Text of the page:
By Gili Malinsky
By Bob Ruggiero
By Hilary Hughes
By Peter Gerstenzang
By David R. Adler
By Devon Maloney
By Brian McManus
By Jessica Hopper
Whether this is canny marketing or something more permanent remains to be seen"I'm a little shocked at how successful this is," Fiol admits. Though the house was packed two weeks ago to see Sir Richard Bishop of the Sun City Girls and Harlem's No Neck Blues Band, attendance thus far has been wholly dependent on each individual night's draw. XI, a local label curated by the well-regarded composer Phill Niblock, put on a brilliant showcase of high-art computer music featuring Niblock, Alan Licht, and David Behrmanit drew moderately on a Friday night; a week later, Locust's lesser-known acts drew even less. A festival that delays its start time due to vagaries in the G train's weekend service; schedules a potluck dinner for Leif Inge's "9 Beet Stretch," a 24-hour distention of Beethoven's Ninth; and chooses not to set up folding chairs in advance just to "to see what people would do," is an ephemeral one, for better or for worse.
That may be as good an argument for the Independents as any. One night, occult book-dealer and label curator Richard Bishop played a sunny folk song about hanging a preacher before launching into a mystical spiral of solo acoustic guitar that marched out of American heartland folk, through Spanish back alleys, Indian palaces, and Thai brothels, landing firmly back in middle America with a final note and an earnest suggestion that the crowd go smoke angel dust. The No Neck Blues Band hung an armchair upside down from the ceiling and played percussion against the floor, walls, and ceiling while the audience huddled around in a crooked semi-circle until performer and audience were nearly indistinguishable. Not too many places around town wish upon themselves such consistent chaos.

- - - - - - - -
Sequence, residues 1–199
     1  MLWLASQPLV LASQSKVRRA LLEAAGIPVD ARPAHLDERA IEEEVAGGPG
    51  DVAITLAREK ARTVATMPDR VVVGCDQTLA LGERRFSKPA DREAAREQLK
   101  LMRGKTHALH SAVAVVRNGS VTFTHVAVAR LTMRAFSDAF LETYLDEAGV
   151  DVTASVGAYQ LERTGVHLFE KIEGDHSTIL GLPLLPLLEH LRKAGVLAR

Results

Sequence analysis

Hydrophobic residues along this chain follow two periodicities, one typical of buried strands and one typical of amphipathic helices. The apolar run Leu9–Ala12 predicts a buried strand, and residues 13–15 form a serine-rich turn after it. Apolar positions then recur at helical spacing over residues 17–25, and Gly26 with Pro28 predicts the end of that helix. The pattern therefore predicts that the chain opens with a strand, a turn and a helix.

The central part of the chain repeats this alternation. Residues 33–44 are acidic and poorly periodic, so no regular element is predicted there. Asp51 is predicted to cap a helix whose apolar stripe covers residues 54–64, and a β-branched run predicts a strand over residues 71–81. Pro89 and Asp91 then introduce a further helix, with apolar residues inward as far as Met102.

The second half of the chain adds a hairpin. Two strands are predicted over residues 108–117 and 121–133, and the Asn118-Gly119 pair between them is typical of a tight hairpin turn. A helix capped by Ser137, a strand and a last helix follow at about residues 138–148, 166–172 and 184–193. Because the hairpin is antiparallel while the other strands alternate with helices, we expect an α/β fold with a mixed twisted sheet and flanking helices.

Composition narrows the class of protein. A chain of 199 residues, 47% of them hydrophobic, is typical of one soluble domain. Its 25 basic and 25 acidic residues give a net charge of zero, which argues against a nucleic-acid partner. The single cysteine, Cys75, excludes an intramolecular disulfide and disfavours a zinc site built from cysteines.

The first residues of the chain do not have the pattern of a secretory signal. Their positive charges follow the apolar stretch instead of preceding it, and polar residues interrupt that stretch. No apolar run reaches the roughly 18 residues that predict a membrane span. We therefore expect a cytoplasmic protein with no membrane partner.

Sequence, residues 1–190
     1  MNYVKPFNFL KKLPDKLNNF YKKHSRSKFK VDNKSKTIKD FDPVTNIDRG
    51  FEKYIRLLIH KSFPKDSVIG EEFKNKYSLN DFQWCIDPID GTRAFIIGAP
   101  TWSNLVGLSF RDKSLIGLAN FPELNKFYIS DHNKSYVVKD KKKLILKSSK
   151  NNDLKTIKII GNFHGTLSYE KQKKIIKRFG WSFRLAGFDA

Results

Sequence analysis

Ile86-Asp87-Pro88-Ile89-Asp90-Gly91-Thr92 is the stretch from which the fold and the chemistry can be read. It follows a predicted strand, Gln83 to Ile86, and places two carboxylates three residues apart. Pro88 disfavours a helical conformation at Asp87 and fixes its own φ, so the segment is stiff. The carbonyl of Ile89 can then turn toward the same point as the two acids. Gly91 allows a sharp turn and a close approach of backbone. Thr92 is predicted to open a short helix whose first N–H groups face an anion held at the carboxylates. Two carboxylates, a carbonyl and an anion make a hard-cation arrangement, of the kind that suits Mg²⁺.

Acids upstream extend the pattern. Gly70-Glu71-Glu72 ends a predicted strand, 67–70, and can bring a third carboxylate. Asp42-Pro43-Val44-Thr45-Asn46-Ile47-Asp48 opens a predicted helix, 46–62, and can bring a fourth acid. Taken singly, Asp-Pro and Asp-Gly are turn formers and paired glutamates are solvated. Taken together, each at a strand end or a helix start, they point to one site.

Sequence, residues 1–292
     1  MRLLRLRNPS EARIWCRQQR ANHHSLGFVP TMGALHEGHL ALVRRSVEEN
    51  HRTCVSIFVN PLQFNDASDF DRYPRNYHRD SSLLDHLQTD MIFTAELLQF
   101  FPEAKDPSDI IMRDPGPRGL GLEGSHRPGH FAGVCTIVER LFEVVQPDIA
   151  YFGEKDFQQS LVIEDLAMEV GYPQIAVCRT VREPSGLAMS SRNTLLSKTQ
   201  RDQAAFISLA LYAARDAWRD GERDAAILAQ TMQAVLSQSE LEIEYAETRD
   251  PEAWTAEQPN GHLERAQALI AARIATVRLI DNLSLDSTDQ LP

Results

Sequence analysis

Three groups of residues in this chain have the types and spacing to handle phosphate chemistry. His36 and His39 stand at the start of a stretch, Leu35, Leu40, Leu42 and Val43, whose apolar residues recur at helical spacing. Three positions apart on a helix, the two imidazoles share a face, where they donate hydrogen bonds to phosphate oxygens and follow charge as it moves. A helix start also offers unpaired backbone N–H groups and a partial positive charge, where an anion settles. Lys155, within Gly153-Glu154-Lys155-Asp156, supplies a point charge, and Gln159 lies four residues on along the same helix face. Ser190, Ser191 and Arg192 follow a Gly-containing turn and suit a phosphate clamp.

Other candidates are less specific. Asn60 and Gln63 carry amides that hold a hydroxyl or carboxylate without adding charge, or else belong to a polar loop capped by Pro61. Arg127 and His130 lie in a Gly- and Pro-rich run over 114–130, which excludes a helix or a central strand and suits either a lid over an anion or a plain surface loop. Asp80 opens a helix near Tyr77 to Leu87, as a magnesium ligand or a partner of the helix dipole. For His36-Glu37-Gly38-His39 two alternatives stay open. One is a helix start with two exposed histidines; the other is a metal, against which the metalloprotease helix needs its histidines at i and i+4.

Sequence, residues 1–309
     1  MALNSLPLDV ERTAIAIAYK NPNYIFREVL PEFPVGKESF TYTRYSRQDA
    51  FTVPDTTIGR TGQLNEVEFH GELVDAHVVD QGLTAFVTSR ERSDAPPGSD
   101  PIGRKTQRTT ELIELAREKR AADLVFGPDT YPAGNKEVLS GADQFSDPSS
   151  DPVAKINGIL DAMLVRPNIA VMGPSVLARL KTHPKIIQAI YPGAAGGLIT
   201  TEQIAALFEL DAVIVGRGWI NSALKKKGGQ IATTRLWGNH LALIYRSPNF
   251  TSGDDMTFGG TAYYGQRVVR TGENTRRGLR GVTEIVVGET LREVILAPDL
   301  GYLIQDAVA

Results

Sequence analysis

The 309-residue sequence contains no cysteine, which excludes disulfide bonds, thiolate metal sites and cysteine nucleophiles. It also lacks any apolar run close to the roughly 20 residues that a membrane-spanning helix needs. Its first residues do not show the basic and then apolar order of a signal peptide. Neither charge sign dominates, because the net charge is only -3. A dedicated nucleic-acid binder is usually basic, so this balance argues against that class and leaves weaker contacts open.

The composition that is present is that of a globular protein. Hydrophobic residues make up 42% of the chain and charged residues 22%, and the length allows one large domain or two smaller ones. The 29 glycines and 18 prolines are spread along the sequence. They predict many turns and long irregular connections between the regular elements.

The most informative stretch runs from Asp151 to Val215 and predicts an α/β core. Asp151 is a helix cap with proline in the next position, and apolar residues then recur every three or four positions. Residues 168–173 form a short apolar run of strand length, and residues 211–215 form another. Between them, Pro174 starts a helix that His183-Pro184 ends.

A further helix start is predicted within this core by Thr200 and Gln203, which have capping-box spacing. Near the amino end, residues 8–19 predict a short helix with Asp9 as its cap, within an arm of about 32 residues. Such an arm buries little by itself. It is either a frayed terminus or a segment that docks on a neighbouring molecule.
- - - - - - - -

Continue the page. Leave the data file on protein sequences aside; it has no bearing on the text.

Neither, for that matter, do real estate developers, who Fiol admits have little sympathy for the Issue Project Room's avant niche. "This space is not forever," she says. Yet along with her promotion partner Regina Greeneas well as the labels and acts they've brought to Brooklyn this monththey've long accepted the fact that there's no institutional interest in preserving the scene they've so lovingly presented. "Fend for your own," Greene says, optimistically. "The only thing you can do about it is to grab onto your community and family, which is us."
Table of the Elements presents the five final nights of the Independents at the Issue Project Room January 2428, featuring Tony Conrad, the Rhys Chatham "Guitar Trio All-Stars," Sunburned Hand of the Man, and more, issueprojectroom.org